Justice Department Reaches Settlement with Five Additional Broadcast Television Companies, Including One National Sales Representative Firm, In Ongoing Information Sharing Investigation
The Department of Justice has reached settlements with CBS, Cox, EW Scripps, Fox, and TEGNA Inc. to resolve a Department lawsuit brought as part of its ongoing investigation into exchanges of competitively sensitive information in the broadcast television industry. All five companies are alleged to have engaged in unlawful information sharing among their owned broadcast television stations. Cox also owns Cox Reps, one of two large “Rep Firms” in the industry that assist broadcast stations in sales to national advertisers. The Rep Firms are alleged to have participated in the unlawful information sharing conduct. CBS, Cox, Scripps, Fox, and TEGNA agreed with other entities in many metropolitan areas across the United States to exchange revenue pacing information, and also engaged in the exchange of other forms of non-public sales information in certain metropolitan areas. The complaint further alleges that Cox Reps also facilitated and participated in this exchange of pacing information by its broadcast-station clients that operated in the same metropolitan areas. Pacing compares a broadcast station’s revenues booked for a certain time period to the revenues booked in the same point in the previous year. Pacing indicates how each station is performing versus the rest of the market and provides insight into each station’s remaining spot advertising for the period. By exchanging pacing information, the five new defendants and other broadcasters were better able to anticipate whether their competitors were likely to raise, maintain, or lower spot advertising prices, which in turn helped inform their stations’ own pricing strategies and negotiations with advertisers. As a result, the information exchanges harmed the competitive price-setting process in markets for the sale of spot advertisements.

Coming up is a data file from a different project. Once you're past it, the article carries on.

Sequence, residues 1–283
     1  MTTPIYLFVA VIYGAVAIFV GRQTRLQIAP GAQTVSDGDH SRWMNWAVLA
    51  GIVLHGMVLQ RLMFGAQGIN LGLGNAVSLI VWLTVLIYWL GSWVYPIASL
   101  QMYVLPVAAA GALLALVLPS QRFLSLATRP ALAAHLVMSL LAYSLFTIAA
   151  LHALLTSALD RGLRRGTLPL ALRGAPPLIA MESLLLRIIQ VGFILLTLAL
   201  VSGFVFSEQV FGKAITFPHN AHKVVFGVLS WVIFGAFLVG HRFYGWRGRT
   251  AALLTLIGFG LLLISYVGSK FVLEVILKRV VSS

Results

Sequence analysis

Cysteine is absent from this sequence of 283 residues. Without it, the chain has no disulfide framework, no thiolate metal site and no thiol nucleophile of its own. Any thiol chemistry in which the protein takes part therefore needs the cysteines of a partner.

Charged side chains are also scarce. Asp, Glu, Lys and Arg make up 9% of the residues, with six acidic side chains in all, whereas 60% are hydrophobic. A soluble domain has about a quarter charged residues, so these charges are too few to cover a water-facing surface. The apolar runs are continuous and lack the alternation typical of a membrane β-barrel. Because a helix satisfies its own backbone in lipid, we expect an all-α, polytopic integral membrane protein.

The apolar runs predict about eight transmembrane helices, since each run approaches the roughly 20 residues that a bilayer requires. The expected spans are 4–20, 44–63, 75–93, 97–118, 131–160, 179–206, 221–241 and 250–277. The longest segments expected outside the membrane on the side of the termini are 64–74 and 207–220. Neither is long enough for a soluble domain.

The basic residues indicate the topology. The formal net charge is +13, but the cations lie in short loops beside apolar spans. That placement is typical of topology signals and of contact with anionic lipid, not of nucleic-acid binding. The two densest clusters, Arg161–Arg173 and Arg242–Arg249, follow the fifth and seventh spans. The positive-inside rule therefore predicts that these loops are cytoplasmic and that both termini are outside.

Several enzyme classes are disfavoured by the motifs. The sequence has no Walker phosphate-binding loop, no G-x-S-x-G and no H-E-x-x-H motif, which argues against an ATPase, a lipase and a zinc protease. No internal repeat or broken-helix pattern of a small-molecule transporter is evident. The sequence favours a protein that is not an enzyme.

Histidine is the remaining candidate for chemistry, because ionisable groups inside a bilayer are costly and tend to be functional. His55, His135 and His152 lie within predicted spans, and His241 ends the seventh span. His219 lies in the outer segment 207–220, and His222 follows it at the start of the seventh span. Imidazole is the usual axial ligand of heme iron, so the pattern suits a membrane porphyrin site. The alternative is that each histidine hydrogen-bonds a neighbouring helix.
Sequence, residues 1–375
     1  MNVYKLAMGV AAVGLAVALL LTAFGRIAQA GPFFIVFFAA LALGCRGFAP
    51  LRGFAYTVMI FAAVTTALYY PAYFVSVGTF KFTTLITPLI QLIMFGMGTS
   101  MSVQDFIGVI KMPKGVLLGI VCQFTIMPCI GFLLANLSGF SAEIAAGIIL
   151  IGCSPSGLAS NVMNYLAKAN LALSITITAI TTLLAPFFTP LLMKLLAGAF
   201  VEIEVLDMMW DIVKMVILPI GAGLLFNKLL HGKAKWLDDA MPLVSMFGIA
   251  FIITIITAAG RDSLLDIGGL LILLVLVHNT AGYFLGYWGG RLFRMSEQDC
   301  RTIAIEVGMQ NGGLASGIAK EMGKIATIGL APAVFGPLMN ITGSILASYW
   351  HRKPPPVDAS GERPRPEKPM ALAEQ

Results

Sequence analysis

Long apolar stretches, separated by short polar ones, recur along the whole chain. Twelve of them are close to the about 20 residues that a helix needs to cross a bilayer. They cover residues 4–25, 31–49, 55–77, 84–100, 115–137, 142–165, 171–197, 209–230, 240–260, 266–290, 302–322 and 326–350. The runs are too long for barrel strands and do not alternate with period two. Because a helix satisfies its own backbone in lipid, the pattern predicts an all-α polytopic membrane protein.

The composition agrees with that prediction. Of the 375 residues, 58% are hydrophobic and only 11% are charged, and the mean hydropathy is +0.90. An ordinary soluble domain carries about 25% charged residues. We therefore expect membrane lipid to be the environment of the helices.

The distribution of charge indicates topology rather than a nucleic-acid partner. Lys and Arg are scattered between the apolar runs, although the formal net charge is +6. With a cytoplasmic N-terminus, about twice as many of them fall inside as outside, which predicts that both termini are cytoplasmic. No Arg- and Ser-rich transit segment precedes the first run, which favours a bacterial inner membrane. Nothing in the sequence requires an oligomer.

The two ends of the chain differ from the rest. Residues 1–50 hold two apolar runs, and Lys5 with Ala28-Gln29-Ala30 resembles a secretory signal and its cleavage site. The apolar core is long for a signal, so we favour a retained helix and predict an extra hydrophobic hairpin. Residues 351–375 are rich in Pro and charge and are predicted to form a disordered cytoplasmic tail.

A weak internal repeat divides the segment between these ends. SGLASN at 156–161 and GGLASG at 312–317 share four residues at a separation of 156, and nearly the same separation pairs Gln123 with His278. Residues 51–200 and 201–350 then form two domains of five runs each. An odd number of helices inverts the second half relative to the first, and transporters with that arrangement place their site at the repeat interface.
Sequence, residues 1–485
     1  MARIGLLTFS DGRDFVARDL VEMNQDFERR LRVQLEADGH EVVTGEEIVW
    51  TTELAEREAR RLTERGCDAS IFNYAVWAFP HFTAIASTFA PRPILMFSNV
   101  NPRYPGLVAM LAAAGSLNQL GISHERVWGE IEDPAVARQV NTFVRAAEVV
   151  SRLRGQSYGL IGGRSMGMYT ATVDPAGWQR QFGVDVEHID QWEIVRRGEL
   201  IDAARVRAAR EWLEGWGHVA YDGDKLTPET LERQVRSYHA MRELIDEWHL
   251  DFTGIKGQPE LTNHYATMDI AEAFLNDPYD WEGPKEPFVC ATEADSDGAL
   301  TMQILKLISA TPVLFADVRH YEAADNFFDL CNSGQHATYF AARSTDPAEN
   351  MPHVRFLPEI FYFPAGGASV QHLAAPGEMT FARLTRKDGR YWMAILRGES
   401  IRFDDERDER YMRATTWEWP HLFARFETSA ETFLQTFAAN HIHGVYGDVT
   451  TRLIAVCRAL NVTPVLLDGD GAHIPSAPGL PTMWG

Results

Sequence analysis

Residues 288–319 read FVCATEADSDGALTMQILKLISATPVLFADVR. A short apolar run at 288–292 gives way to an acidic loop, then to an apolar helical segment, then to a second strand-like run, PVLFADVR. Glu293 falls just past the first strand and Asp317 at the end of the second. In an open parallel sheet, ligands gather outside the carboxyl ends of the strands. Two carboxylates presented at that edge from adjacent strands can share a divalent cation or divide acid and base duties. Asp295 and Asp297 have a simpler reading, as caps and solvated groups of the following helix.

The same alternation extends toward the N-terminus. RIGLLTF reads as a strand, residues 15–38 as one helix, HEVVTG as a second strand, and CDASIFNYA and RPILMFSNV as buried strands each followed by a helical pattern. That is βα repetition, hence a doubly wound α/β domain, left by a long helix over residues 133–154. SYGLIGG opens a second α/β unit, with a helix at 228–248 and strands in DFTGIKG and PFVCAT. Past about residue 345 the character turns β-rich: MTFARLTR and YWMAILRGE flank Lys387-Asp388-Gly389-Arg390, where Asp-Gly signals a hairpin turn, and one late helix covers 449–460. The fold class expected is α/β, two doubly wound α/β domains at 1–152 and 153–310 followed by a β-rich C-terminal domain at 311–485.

The proposed settlements with CBS, Cox, Scripps, Fox, and TEGNA prohibit the direct or indirect sharing of such competitively sensitive information. Additionally, the Department’s proposed settlement with Cox requires that Cox Reps implements firewalls in markets where it represents more than one broadcast station. The Department has determined that these provisions would resolve the antitrust concerns raised as a result of the defendants’ alleged conduct. The proposed settlements further require these five defendants to adopt rigorous antitrust compliance and reporting measures to prevent similar anticompetitive conduct in the future. The settlements have a seven-year term, and they will continue to apply to stations currently owned by CBS, Cox, Scripps, Fox, and TEGNA even if those stations are acquired by another company. Finally, the settlements require that the five defendants cooperate in the Department’s ongoing investigation.
Justice Department Reaches Settlement with Five Additional Broadcast Television Companies, Including One National Sales Representative Firm, In Ongoing Information Sharing Investigation Justice Settles With More Broadcasters Over Spot Ad Info Exchanges (B&C)